From existential lawsuits to sales to TV companies and private equity firms to knock-down, drag-out fights with our own bosses, we have our own uniquely extreme highs and lows here. That Jalopnik has survived and thrived for 15 years and counting is a testament to you readers, and to the hard work of many people.
So this anniversary was important. We were supposed to blow it out in a big way. The usual Jalopnik football-spiking bullshit spread across a package of stories and videos.
The new management wanted a bunch of lists (they love lists!) recapping the past 15 years in cars: best engines, most influential people, biggest moments in racing, you get the idea. We were going to reach out to a bunch of celebrities, both in the world of cars and not, to get their takes too.
I was never in love with the plan, but I went along with it for a time. I thought it was fine. I wanted to try with these people.
Then one bad thing happened after another. You’ve read about it here. Suggestions were made that hurt our credibility with readers when they became public, even though we never acted on those suggestions. Then we watched our colleagues at one sister publication get laid off. Then we said goodbye to more friends as they quit in protest after the unceremonious firing of one beloved editor and a vague, tersely written edict demanding they fundamentally alter the journalism they do. Had that happened at this site, you would have seen the same outcome.
Suddenly, none of that celebrating felt appropriate at Jalopnik anymore. It felt disrespectful. It felt wrong.
To me, it was a wake-up call. I’ve been here from Gawker to the private equity people and every shouting-match all-hands meeting in between. I pressed on through more fires than I can count because I loved serving this audience and having the freedom to put fun and important things on the internet every day. But I spent most of this year fighting management, and not much else. That fighting made me take my eye off the ball in ways I now regret.
I decided that as Jalopnik enters the third decade of this century with a bigger audience than ever—an outcome I’ll be forever proud of—it’s time for me to find some new challenges elsewhere.
Jalopnik is, after all, bigger than any one person. That’s what a community is all about, right?
I want to leave on as close to an optimistic note as I can. Team Jalopnik is an indomitable group of people with an unmatched level of talent. I know they’ll keep doing right by you every day.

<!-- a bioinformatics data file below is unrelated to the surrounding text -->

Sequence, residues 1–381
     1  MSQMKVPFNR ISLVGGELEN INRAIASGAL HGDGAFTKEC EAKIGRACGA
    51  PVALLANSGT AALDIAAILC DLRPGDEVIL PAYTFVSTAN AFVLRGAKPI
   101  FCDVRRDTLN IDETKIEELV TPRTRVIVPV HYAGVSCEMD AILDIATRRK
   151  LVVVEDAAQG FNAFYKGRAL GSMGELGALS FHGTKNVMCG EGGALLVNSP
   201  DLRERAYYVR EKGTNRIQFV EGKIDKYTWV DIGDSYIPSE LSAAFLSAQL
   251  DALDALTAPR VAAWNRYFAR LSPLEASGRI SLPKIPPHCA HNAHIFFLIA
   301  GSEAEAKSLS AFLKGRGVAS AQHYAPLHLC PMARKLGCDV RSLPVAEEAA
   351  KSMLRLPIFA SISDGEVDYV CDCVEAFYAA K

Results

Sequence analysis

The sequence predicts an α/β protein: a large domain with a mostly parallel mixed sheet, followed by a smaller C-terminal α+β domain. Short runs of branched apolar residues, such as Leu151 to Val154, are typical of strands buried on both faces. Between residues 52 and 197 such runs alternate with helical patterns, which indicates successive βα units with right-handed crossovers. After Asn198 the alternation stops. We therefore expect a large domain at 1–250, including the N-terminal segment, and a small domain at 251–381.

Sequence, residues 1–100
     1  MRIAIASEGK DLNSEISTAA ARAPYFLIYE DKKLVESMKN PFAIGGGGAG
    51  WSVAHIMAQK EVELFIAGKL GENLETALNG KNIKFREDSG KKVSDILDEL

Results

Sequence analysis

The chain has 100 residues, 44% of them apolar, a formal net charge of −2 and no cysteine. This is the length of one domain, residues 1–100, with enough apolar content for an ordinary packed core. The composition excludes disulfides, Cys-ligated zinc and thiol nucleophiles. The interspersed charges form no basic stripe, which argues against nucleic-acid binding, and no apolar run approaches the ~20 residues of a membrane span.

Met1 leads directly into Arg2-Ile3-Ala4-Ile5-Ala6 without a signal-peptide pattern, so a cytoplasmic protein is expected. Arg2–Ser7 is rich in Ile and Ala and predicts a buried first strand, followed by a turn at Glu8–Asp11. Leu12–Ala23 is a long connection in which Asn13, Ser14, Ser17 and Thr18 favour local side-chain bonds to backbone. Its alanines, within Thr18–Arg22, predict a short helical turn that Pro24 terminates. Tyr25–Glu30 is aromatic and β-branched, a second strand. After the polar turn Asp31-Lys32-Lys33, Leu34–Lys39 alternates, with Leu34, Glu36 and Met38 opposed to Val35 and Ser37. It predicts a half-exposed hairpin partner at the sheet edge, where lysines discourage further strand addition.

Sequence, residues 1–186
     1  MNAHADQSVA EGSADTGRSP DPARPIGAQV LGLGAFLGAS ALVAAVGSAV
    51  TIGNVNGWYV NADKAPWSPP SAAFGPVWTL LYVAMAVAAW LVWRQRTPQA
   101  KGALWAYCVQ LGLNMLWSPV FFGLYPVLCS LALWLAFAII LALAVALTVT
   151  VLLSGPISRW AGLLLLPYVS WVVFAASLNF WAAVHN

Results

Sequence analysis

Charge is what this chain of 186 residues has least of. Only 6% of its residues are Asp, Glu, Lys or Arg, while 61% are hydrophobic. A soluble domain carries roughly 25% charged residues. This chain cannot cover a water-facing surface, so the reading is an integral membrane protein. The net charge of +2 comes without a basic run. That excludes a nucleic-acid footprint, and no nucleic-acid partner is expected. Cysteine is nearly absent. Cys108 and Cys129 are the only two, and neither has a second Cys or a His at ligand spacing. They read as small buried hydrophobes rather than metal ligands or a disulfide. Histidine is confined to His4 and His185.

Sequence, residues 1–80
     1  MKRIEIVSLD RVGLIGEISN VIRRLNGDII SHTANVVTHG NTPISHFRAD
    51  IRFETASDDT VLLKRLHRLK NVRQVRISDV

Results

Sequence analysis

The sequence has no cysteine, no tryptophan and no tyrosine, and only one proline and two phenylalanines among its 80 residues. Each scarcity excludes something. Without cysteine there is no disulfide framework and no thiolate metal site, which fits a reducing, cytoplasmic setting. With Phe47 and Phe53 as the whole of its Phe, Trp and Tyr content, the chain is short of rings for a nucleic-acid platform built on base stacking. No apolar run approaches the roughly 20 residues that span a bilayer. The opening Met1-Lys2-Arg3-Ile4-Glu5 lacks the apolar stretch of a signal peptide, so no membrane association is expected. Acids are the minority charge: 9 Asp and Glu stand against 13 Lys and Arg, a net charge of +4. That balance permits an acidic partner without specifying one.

Besides being proud of the work we’ve done, I feel good about many things. I’ve seen car culture become more inclusive, more diverse and, yes, even younger, despite all the bad thinkpieces to the contrary. Jalopnik hit an all-time high of 15 million readers in August; events like Radwood seem to be spreading like wildfire; there are more great things for us to do, see and drive than ever before. As long as I’ve been working here, people have said car culture is dead. Every day I witness things that prove otherwise.
But this community—your community—faces significant challenges. It has to evolve to meet a world that’s changing quickly. When I started this job, autonomous cars were the stuff of science fiction. A hybrid car was a Toyota Prius, not a McLaren Speedtail. The urgency of our looming climate disaster wasn’t as palpable as it is today and we have never felt the damaging effects of commuter culture as acutely as we do right now.
So I’m encouraging you, readers, to be a part of the solution, not the problem. If you’re reading this in late 2019, and you love cars and you love driving, you don’t get the luxury of burying your head in the sand and pretending everything will be fine. You need to fight for a seat at the table. You need to make compromises and sacrifices. You need to keep yourselves from becoming irrelevant. And you need to be wary of the liars and frauds and grifters who come to you with promises of easy fixes and, of course, big returns for their shareholders. If reading this site helped you learn to do that, then I did my job right.
I don’t have an answer yet, except to say: that’s up to you.
You need to figure out your place in what’s coming next. I think you can. You’re smart. I have faith in you. I’ll be there to do it with you too because I’m one of you. Always have been, and always will be.